The Problem of Traffic Cameras in the UK

The traffic cameras in the UK were supposedly installed to increase roadway safety. Whether motorists consider them to be a positive influence or a negative one, they’re now a fixture on many roadways. Whether you spot them at traffic lights or see them while on the motorway, drivers today have to contend with the fact that police officers – who have endured funding cuts that limit staffing capacity –now watch and respond to traffic violations remotely.

You may consider traffic cameras as a helpful reminder of the roadway laws. Alternatively, you may find traffic cameras a way for your local government to generate additional revenue. Either way, drivers in the UK today need to learn how to interact with these digital devices. Otherwise, the arrival of a ticket in the mailbox will be an unexpected displeasure.

The History of UK Traffic Cameras

M40 played host to the UK’s first traffic camera. This speed camera was installed in 1991 and utilized rolls of film to monitor passing traffic.

Nowadays, there’s no need for officers to develop traffic camera footage. Instead, traffic camera footage appears in police stations around the UK courtesy of a secure cloud or accessible Wi-Fi.

Typically, both speed and traffic cameras flash when they detect a car passing them. However, new developments in camera technology allow both variations on the traffic camera to remain discreet when monitoring passing traffic. This allows these sorts of cameras to detect illegal driving behaviors before drivers can spot the devices and correct themselves.

Types of Traffic Cameras

There are a number of different traffic cameras in operation across the UK. These variations include:

  • Gatso Speed Cameras – The Gatso Speed Camera was the first camera to make its way onto motorways in the UK. Created by a Dutch company, Gatso cameras face backward to detect better the license plates of cars, motorcycles, and other vehicles that might be speeding. These cameras are among the easiest to spot while on the road courtesy of their yellow paint. Though officers have tried to hide these cameras behind natural obstacles, they are legally required to maintain the cameras’ original color. If you want to spot a Gatso camera, either look for their distinct coloration or keep an eye out for dashed roadway lines. These dashed lines allow anyone observing Gatso camera footage to detect the distance a vehicle travels over the course of a few seconds and thereby estimate how quickly the car in question is going.

  • Truvelo CamerasTruvelo cameras are made in South Africa and look relatively similar to Gatso Cameras. Unlike the Gatso Camera, however, Truvelos face forward. They make use of a filtered flash to take photos of vehicles’ license plate numbers without blinding drivers. That said, motorcycle drivers are more likely to get away with speeding if they encounter a Truvelo camera. You’ll be able to spot a Truvelo camera courtesy of the white squares that painted on motorways near these cameras’ locations.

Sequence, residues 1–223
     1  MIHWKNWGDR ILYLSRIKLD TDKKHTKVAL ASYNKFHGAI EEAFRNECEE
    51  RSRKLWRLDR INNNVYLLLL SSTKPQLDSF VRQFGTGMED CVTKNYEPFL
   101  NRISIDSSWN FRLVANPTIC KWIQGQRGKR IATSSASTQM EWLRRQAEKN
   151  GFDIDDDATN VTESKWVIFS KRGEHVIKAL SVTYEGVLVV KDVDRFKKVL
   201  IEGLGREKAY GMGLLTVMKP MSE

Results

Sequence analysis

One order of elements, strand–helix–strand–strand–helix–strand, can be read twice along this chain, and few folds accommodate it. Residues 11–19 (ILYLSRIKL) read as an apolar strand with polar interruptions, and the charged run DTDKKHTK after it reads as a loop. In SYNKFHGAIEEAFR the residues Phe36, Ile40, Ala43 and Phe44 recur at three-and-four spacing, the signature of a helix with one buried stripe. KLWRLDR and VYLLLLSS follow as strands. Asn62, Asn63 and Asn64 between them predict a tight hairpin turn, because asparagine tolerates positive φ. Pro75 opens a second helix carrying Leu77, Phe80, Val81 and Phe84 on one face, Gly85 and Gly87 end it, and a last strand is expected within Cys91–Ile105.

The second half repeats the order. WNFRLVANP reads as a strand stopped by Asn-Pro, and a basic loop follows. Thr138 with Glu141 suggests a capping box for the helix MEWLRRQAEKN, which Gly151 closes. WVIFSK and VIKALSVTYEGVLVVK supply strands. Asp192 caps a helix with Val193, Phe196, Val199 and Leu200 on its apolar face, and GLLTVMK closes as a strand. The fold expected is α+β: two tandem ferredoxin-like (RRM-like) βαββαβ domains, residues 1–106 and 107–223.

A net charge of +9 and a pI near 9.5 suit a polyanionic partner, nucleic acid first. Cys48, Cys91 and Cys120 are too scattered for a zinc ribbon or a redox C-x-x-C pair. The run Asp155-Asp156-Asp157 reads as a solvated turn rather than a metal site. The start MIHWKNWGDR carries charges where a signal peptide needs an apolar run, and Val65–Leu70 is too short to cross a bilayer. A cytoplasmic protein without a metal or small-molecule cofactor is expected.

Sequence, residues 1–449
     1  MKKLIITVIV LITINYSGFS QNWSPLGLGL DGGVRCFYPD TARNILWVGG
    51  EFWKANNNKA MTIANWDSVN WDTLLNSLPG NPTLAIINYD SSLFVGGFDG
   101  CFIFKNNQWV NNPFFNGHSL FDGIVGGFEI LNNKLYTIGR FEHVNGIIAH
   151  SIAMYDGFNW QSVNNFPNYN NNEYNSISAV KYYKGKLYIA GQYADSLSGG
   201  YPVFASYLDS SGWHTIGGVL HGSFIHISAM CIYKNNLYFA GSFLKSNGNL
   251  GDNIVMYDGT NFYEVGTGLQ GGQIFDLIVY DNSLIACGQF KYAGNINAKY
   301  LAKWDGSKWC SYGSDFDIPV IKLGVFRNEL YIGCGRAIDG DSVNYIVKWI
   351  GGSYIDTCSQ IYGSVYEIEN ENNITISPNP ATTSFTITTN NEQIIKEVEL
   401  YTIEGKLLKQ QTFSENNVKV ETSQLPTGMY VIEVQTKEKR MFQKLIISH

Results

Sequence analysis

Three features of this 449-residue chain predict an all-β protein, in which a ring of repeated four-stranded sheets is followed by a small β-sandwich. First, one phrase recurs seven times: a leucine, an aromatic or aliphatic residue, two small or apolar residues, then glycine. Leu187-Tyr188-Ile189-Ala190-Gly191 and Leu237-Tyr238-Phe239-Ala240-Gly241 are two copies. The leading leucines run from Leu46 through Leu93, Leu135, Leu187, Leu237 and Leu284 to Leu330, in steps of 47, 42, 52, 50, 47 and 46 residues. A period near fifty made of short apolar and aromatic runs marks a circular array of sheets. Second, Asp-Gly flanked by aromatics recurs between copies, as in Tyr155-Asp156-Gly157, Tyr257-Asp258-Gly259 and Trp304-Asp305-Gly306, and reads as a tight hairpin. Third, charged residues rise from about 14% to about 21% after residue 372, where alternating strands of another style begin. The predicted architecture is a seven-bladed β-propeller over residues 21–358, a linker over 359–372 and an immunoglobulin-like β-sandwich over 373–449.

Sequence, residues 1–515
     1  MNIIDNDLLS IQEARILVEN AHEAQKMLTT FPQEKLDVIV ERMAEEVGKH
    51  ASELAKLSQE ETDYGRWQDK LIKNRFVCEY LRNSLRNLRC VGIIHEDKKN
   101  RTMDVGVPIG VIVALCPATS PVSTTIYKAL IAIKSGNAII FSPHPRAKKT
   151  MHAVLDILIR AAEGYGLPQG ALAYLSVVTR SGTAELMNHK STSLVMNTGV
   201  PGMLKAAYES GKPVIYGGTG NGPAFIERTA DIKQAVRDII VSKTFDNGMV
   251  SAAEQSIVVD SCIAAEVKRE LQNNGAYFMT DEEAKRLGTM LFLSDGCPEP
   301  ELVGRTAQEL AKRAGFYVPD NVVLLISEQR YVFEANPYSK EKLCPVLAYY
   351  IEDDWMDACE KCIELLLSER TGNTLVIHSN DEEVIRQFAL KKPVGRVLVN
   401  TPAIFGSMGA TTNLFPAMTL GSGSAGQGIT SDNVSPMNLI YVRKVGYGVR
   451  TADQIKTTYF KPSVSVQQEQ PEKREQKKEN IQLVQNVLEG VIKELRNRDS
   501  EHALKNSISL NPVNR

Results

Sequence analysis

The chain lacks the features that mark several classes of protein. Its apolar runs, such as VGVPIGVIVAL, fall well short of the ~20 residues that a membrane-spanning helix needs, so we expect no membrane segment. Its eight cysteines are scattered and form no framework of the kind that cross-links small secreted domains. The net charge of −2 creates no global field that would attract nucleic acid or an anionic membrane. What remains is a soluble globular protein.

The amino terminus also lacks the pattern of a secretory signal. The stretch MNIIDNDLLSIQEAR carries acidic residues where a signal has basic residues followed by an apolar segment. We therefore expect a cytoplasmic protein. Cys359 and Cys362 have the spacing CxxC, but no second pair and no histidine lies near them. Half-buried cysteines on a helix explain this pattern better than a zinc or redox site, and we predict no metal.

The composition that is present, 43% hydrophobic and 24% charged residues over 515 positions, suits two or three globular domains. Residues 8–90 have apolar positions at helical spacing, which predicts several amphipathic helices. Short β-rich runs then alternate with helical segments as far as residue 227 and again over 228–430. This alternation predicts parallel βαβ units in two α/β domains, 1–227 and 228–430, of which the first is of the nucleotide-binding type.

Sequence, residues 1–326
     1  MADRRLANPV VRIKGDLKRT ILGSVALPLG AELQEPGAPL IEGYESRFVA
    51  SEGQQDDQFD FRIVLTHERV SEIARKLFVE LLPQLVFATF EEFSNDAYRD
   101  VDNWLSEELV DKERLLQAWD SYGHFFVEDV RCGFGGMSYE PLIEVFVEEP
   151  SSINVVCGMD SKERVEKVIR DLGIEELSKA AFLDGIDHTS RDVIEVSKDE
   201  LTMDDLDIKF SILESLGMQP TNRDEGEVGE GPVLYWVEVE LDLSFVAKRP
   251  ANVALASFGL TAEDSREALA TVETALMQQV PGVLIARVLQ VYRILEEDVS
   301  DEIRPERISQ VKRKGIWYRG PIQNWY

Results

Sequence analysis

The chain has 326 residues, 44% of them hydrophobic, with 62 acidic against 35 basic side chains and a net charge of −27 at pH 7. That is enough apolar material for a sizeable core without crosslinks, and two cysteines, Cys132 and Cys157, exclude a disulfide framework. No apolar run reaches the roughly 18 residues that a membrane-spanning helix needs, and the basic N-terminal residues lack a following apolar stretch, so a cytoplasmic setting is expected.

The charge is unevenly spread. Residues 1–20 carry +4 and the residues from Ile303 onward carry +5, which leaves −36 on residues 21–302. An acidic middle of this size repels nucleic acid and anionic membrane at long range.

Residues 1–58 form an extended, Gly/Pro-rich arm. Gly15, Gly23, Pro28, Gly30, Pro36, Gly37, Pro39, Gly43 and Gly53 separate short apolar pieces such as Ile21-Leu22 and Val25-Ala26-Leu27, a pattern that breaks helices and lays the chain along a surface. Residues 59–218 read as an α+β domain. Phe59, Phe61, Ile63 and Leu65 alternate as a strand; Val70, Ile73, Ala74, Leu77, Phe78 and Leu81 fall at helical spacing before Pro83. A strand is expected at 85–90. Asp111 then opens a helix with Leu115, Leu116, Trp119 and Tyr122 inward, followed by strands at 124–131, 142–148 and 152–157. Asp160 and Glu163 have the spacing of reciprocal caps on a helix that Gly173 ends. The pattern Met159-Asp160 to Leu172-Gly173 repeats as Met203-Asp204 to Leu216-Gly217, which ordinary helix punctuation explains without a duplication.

Photo Attribution: Invisible Property licensed under this Creative Commons License.

  • HADCE Cameras – Also among the most commonly used cameras in the UK. The HADCES acronym stands for Highways Agency Digital Enforcement Camera System. You’ll most frequently spot these types of cameras on the UK’s new smart motorways. Like Gatso cameras, these cameras face backward and can more easily take photos of drivers’ license plates than forward-facing cameras. Unlike Truvelos and Gatsos, however, these cameras are not painted yellow. Instead, you’ll be able to spot them courtesy of their two-housing structure. You should also keep an eye out for painted lines on the side of the road to give you an idea of where a HADCE camera might be located.

Interacting With Traffic Cameras

It’s your responsibility when driving on the UK’s motorways to obey the country’s driving laws and to keep the safety of yourself, any passengers in your car, and other drivers in mind. That said, it can be difficult to know how to interact with traffic cameras.

You’ll know for certain that a traffic camera has caught you if you’re notified of a traffic violation by via Note of Intended Prosecution (NIP). These notifications will arrive within fourteen days of the initial violation.

The consequences of speeding in the UK include:

  • Three points added to your license
  • A minimum fine of £100 and a maximum of £2,500

If your driver’s license happens to be free of points, UK officials may offer you the chance to attend a speeding awareness course to avoid breaking your clean record.

You should be aware that not all traffic cameras flash when they take a picture of your car. Keep your eyes peeled while on the road, though, and try to stay under the speed limit while on the motorway. You’ll have a chance to slow down or otherwise correct your behavior if you spot a traffic camera. Even so, you’ll have to do so quickly or else face the consequences.

Giles Kirkland is an automotive industry researcher and writer. He focuses mainly on the technological, scientific, and sustainable aspect of the automotive. As the world evolves faster than ever, he enjoys keeping track of all current developments and sharing his knowledge and experience with other motoring and technology enthusiasts across the globe. You can find him on Twitter and Facebook.

Speed Camera A49 near Spurstow Photo © David Dixon (cc-by-sa/2.0)

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